How efficient are coronal mass ejections at accelerating solar energetic particles?

R. A. Mewaldt, C. M.S. Cohen, G. M. Mason, D. K. Haggerty, M. D. Looper, A. Vourlidas, M. I. Desai, J. Giacalone, A. W. Labrador, R. A. Leske, J. E. Mazur

Research output: Contribution to journalConference articlepeer-review

10 Scopus citations


The largest solar energetic particle (SEP) events are thought to be caused by shocks driven by fast coronal mass ejections (CMEs). We study the efficiency of this process by comparing the energy content of energetic particles in large SEP events to the kinetic energy of the associated CMEs. The SEP observations are from 17 events observed by ACE, SAMPEX, and GOES during 1998-2003 and the CME observations are from SOHO. In situ solar-wind data show that CME kinetic energy estimates from SOHO/LASCO for the October 28, 2003 event are much more accurate than those from SMEI. The ratio of SEP to CME kinetic energies is found to range from ∼0.1% to ∼20%. The largest SEP events have an average SEP/CME kinetic-energy ratio of ∼10%, similar to that estimated for cosmic-ray acceleration by supernova shocks.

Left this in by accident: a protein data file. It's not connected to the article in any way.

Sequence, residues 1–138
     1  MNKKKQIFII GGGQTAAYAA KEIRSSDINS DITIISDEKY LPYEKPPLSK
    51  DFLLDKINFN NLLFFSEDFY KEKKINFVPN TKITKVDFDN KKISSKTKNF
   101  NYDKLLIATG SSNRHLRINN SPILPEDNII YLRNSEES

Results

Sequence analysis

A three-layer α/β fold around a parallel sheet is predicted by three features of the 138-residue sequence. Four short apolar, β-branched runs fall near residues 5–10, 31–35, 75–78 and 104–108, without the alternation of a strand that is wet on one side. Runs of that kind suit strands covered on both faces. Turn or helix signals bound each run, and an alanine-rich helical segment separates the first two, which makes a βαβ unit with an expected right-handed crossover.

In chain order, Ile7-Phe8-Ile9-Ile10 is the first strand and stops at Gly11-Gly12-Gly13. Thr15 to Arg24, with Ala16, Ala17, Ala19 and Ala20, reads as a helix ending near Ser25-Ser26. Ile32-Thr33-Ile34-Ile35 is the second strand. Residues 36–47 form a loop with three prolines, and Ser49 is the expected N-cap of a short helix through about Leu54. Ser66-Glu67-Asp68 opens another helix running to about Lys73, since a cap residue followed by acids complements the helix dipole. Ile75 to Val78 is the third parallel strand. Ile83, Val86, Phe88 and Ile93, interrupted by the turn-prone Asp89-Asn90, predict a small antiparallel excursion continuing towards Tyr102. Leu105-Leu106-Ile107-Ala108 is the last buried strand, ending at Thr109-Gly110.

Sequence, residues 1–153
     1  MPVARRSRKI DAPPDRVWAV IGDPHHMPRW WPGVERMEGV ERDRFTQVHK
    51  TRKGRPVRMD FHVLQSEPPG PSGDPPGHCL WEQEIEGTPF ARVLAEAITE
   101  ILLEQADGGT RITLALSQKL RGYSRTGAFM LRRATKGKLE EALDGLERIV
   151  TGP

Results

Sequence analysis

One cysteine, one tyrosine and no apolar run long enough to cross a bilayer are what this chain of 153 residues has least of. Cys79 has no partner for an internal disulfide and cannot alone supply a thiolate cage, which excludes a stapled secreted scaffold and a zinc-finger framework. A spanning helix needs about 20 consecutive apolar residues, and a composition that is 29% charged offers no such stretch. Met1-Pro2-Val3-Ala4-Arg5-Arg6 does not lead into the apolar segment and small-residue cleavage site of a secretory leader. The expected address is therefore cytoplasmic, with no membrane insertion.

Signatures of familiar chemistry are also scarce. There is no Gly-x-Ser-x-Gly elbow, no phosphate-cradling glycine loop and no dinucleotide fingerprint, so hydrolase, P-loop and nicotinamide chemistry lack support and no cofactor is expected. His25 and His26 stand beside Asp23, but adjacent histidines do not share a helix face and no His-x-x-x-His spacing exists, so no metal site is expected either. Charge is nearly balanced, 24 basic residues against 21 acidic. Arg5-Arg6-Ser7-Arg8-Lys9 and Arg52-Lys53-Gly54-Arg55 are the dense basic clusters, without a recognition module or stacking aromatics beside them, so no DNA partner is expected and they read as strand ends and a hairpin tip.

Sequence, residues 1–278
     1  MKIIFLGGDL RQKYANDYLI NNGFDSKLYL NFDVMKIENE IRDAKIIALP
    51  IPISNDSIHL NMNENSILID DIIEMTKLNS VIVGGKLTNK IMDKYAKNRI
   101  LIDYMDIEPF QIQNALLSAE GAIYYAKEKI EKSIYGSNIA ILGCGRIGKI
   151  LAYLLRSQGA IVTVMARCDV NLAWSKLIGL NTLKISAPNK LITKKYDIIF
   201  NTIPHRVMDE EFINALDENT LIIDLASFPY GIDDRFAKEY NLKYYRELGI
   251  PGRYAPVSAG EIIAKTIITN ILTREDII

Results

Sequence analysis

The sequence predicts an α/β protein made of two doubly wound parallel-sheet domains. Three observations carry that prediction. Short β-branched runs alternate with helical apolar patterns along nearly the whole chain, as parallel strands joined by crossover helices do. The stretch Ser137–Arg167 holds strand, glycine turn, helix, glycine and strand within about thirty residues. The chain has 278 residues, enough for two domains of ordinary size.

Original languageEnglish (US)
Pages (from-to)67-70
Number of pages4
JournalEuropean Space Agency, (Special Publication) ESA SP
Issue number592
StatePublished - 2005
EventSolar Wind 11/SOHO 16 - Connecting Sun and Heliosphere - Whistler, Canada
Duration: Jun 12 2005Jun 17 2005

ASJC Scopus subject areas

  • Aerospace Engineering
  • Space and Planetary Science


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